When Hallel Markowitz was born in 2010, her mother, Gabrielle Markowitz, set up a Facebook account in her name, Hallel MINI Supermodel.
The tagline on Hallel’s Timeline reads, “I am Hallel. I have Down Syndrome. I am not Down Syndrome. I am Hallel.”
It wasn’t necessarily Markowitz’s dream for Hallel to become a model, although she did see it as a means toward normalizing global reactions and awareness of people with disabilities.
And now Markowitz’s idea has come to fruition: Hallel and several other Israeli children with disabilities and special needs recently modeled for the Summer 2017 collection of Select Fashion, an Israeli children’s clothing brand.
Select Fashion partnered with Beyachad, an Israeli organization pushing for inclusion for people with disabilities.
“I hope this is just the beginning,” said Markowitz, who wants it to lead to a business norm in which companies employ people with special needs as models, just “like anyone else.”
Select Fashion wasn’t Markowitz’s first success including models with special needs in an ad campaign. Her pilot was with Skye Green, a local boutique designer for teens, which used a model with special needs in a video campaign.
“It was a success, but it was a boutique,” she said. “We needed something national.”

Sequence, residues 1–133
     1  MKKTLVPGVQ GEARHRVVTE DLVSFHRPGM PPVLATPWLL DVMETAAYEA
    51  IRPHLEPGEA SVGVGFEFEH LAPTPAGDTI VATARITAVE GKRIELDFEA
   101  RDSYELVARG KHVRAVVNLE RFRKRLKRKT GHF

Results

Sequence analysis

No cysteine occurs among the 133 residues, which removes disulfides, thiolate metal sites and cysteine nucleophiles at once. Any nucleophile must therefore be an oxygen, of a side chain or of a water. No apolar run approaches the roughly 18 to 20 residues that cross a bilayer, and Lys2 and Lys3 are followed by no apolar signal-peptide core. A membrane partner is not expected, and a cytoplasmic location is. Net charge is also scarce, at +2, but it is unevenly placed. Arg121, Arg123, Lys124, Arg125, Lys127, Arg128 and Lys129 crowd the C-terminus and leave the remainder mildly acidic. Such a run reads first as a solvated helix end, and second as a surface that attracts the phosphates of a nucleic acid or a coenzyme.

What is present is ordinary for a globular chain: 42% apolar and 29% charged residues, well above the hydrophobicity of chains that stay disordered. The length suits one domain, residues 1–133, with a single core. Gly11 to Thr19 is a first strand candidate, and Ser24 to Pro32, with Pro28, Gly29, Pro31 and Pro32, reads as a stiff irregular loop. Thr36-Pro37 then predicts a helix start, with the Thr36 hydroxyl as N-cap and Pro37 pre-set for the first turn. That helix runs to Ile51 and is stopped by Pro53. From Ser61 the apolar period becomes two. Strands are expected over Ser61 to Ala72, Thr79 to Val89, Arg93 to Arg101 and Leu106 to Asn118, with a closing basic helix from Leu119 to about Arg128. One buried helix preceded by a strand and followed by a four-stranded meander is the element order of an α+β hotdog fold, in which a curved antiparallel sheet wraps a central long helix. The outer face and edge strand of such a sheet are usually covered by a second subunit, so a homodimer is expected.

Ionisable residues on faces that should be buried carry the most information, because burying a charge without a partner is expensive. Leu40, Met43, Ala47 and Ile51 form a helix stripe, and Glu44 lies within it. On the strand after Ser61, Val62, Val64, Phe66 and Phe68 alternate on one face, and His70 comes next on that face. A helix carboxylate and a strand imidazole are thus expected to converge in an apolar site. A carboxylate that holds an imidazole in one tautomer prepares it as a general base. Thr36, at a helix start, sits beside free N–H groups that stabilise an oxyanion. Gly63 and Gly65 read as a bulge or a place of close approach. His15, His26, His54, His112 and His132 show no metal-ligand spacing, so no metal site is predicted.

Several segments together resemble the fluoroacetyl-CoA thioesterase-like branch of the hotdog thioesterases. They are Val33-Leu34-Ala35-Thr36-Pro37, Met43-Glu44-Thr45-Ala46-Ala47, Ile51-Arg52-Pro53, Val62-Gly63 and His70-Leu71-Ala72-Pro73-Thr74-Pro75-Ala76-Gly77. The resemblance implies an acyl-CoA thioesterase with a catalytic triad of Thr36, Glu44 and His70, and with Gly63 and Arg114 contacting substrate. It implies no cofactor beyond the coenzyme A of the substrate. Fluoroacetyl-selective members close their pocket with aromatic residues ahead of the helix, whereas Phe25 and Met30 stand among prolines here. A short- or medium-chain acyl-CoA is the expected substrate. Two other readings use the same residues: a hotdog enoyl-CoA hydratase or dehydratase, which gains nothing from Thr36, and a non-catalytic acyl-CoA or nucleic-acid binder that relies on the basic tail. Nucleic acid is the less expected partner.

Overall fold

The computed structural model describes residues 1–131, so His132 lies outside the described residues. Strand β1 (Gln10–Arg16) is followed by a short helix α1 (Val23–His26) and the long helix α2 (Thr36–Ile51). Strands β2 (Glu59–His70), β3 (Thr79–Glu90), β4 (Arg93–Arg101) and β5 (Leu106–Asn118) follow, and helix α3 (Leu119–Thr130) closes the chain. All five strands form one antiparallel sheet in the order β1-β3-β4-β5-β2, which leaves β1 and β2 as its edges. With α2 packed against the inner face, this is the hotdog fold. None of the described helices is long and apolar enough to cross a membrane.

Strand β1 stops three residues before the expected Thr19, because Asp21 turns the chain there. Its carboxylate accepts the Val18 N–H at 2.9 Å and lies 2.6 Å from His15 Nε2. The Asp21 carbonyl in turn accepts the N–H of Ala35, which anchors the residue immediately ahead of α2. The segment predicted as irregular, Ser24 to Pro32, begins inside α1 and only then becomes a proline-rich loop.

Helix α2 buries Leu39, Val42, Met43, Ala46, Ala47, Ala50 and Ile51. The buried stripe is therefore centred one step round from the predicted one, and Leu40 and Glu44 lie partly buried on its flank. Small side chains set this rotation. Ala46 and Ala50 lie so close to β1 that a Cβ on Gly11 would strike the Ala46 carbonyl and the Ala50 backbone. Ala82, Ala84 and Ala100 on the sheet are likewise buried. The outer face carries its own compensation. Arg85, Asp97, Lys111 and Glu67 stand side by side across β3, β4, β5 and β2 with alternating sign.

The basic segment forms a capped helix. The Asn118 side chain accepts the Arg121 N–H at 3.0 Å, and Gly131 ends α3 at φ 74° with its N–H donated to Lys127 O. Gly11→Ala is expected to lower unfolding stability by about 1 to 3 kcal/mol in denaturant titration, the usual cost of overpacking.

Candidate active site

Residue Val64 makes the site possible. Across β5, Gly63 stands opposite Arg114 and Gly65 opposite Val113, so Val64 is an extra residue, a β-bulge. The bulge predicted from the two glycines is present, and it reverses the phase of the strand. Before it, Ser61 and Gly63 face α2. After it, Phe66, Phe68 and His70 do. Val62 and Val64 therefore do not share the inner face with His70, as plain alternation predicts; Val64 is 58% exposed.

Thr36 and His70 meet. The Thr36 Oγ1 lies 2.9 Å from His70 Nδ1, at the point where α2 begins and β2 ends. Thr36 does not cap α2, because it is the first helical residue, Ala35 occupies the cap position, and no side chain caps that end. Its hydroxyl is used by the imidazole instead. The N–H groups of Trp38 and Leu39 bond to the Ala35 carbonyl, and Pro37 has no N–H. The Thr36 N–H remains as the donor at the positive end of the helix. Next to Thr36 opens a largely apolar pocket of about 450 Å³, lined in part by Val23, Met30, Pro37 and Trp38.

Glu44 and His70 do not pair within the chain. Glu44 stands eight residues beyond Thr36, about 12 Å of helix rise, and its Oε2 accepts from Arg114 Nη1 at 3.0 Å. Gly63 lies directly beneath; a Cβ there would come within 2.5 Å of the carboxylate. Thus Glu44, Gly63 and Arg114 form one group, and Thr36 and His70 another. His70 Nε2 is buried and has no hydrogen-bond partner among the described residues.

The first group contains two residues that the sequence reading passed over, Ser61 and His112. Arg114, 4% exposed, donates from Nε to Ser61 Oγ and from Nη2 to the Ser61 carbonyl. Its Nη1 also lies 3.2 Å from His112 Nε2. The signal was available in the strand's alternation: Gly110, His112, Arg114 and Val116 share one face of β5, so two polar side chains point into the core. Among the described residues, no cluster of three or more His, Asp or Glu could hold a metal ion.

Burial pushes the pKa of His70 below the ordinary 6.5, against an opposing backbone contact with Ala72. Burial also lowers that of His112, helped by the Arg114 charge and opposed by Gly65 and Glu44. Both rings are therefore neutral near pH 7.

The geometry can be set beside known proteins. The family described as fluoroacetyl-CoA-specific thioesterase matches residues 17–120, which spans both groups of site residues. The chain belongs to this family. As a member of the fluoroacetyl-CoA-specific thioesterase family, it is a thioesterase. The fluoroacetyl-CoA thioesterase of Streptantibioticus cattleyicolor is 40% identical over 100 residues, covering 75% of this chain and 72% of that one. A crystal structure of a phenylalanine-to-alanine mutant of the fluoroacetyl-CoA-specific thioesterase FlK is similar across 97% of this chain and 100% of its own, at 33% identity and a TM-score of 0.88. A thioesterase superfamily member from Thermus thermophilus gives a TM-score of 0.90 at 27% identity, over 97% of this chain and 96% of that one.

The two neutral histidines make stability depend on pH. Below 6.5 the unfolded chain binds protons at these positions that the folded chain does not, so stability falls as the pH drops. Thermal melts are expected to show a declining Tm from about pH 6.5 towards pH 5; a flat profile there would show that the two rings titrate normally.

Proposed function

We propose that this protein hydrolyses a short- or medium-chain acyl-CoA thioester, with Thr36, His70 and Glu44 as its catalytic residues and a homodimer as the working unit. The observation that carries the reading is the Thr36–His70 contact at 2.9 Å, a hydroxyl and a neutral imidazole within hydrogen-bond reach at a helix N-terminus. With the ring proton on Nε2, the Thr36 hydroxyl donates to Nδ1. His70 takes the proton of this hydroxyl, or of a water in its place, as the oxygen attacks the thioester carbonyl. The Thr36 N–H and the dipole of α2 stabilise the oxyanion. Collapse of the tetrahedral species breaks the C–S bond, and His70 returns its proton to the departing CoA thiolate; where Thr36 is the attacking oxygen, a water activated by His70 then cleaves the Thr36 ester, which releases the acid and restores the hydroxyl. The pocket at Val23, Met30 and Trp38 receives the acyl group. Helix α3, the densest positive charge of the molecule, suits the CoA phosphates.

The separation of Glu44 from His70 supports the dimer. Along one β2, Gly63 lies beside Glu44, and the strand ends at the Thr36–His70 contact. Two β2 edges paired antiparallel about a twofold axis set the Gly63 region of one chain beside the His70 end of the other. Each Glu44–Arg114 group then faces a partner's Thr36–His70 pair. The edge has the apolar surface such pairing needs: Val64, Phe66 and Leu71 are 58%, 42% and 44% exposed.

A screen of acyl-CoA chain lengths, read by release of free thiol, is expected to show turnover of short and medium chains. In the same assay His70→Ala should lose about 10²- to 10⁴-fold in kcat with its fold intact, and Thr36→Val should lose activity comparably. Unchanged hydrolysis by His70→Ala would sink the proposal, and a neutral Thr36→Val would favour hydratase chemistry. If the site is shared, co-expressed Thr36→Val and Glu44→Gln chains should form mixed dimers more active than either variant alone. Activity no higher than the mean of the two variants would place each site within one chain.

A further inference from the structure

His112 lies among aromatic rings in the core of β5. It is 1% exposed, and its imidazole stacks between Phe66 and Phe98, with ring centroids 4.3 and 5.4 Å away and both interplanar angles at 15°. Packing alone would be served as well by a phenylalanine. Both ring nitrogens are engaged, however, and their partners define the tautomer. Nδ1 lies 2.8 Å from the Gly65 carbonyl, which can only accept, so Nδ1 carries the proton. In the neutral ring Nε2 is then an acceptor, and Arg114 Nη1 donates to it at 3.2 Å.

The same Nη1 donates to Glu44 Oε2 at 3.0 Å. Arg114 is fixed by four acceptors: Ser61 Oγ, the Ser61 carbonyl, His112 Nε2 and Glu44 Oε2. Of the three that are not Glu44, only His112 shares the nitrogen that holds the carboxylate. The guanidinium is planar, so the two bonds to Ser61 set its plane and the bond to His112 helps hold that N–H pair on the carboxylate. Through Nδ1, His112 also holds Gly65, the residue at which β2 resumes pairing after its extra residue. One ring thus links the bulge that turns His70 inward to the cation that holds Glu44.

Markowitz hadn’t gone the modeling route for her three older children, but with the birth of Hallel, she concluded that the world around her needed some education with regard to understanding people with special needs.
“When Hallel was born, I realized, like any parent with a kid with special needs, that my kid was fabulous, but the world is the problem,” she said. “It’s about ignorance and prejudice and people who never encounter people with special needs.”
As Hallel’s mother, she understood that a large part of the issue was that people with special needs are not in the public eye.
“It came on quicker for me, maybe because I’m very in tune with the media,” said Markowitz. “The most powerful place to have visibility is the media, and whether it’s adverts or commercials or the entertainment world on the TV or computer, people with special needs are not there.”
At around the time of Hallel’s birth, models with special needs were first being used in campaigns in the US and England, a normalization that Markowitz saw as extremely powerful.
So she put up the Facebook page, but “got a big blank response” from companies she contacted. One modeling agency did sign Hallel, and she was hired to appear on one episode of a local show.
“I didn’t have the time or energy to push it any further,” said Markowitz.
She made contact with inclusion organization Beyachad: Count Me In, which then hired public relations agent Chen Krupnik to pursue the modeling angle, and finally made the connection with Select Fashion.
Markowitz said it’s a start. But she’s still got dreams — for Hallel, and for anyone else with special needs or disabilities.
“My dream is to see a huge billboard on the Ayalon,” said Markowitz, referring to the major Tel Aviv highway, “for some company where one of the kids happens to have a disability.”
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